Trial in suit challenging NC election law set for ‘late summer’ 2025

Carolina Journal photo by Mitch Kokai

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  • A trial date will be set for "late summer" 2025 in a left-of-center activist group's federal lawsuit challenging a 2023 North Carolina election law.
  • A court order Tuesday set deadlines for the suit led by Democracy NC. Two other lawsuits challenging the same election law provision are now on hold.
  • The targeted "undeliverable mail" provision deals with the rules regarding same-day voter registration in North Carolina.

A left-of-center activist group’s federal lawsuit against a North Carolina election law will go to trial in “late summer” of 2025. A court order Tuesday set deadlines for the suit, which challenges a state law provision dealing with same-day voter registration.

A federal judge has placed a hold on two other lawsuits challenging the same election law provision.

Unlike the other two cases, plaintiffs led by activist group Democracy NC would not accept state legislative leaders’ request to pause their case.

Tuesday’s order indicated that plaintiffs can move forward this year with depositions of state Rep. Grey Mills, R-Iredell, and Sen. Warren Daniel, R-Burke, “as previously agreed by the parties.” Plaintiffs can also pursue third-party discovery involving “Cleta Mitchell and North Carolina Election Integrity Team.”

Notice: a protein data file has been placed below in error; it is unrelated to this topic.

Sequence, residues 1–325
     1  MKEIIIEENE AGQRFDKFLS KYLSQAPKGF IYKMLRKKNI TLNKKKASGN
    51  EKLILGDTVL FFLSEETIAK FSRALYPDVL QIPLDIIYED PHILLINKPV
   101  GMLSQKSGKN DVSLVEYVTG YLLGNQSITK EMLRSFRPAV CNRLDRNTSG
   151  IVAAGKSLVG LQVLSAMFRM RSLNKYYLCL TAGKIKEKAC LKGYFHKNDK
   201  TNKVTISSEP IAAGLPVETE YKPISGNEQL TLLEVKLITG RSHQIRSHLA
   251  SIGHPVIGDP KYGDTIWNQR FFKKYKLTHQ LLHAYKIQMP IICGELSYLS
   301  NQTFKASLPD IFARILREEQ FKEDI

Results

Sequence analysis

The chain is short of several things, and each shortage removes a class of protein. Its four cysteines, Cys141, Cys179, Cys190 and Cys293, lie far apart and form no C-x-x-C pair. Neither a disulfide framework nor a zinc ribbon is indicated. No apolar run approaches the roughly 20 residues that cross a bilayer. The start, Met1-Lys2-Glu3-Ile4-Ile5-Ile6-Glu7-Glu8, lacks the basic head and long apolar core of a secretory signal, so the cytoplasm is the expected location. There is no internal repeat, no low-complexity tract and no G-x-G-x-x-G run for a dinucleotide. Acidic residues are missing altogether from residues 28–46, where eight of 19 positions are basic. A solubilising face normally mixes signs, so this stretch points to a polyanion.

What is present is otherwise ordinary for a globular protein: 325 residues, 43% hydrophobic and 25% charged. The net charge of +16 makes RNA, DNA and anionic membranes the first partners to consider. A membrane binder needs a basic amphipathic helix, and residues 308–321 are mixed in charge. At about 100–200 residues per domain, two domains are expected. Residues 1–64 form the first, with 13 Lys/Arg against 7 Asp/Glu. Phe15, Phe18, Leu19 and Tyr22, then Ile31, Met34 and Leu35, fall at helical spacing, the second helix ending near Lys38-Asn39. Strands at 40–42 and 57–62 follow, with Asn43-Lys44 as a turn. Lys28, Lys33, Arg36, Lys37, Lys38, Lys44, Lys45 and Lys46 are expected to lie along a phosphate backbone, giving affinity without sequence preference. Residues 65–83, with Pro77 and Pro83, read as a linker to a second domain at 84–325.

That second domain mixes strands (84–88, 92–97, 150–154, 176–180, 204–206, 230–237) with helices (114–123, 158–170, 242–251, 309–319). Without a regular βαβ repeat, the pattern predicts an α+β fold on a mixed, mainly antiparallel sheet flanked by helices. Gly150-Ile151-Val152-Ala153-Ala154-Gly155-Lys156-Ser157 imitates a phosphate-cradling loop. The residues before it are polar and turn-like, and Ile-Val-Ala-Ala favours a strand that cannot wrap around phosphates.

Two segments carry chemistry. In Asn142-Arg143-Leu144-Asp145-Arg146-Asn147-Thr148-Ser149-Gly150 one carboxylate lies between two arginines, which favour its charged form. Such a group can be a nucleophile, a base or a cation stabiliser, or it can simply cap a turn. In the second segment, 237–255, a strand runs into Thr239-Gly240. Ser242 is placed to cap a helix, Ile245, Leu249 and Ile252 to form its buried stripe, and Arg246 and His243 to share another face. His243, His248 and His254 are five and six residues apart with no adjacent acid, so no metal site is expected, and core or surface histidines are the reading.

Most discovery in the case will be pushed back to January 2025, with April 2025 deadlines for any motions for summary judgment. “The trial date will be during the late summer of 2025, to be specifically set by the District Judge,” according to the order signed by US Magistrate Judge Joi Elizabeth Peake.

US District Judge Thomas Schroeder is overseeing the case. Schroeder issued stays in the other two suits dealing with the same election provision.

All three lawsuits challenge a provision of 2023 legislation, Senate Bill 747, called the “undeliverable mail provision.” It changes the rules regarding same-day registration. Schroeder issued an injunction in January blocking the challenged provision from taking effect.

The State Board of Elections then adopted temporary rules designed to address Schroeder’s concerns. Unless lawmakers or the state elections board take additional action, those rules will remain in effect throughout the rest of the 2024 election cycle.

Republican legislative leaders filed a motion in April asking Schroeder to stay Democracy NC’s case despite the plaintiffs’ objections.

“For the reasons stated herein, the interests of judicial economy, the hardship and inequity to Legislative Defendants and the North Carolina State Board of Elections (‘NCSBE’) would suffer absent a stay, and the complete lack of potential prejudice to Plaintiffs in the event of a stay, a stay of this matter is warranted until at least March 9, 2025,” wrote lawyers representing Senate Leader Phil Berger, R-Rockingham, and House Speaker Tim Moore, R-Cleveland.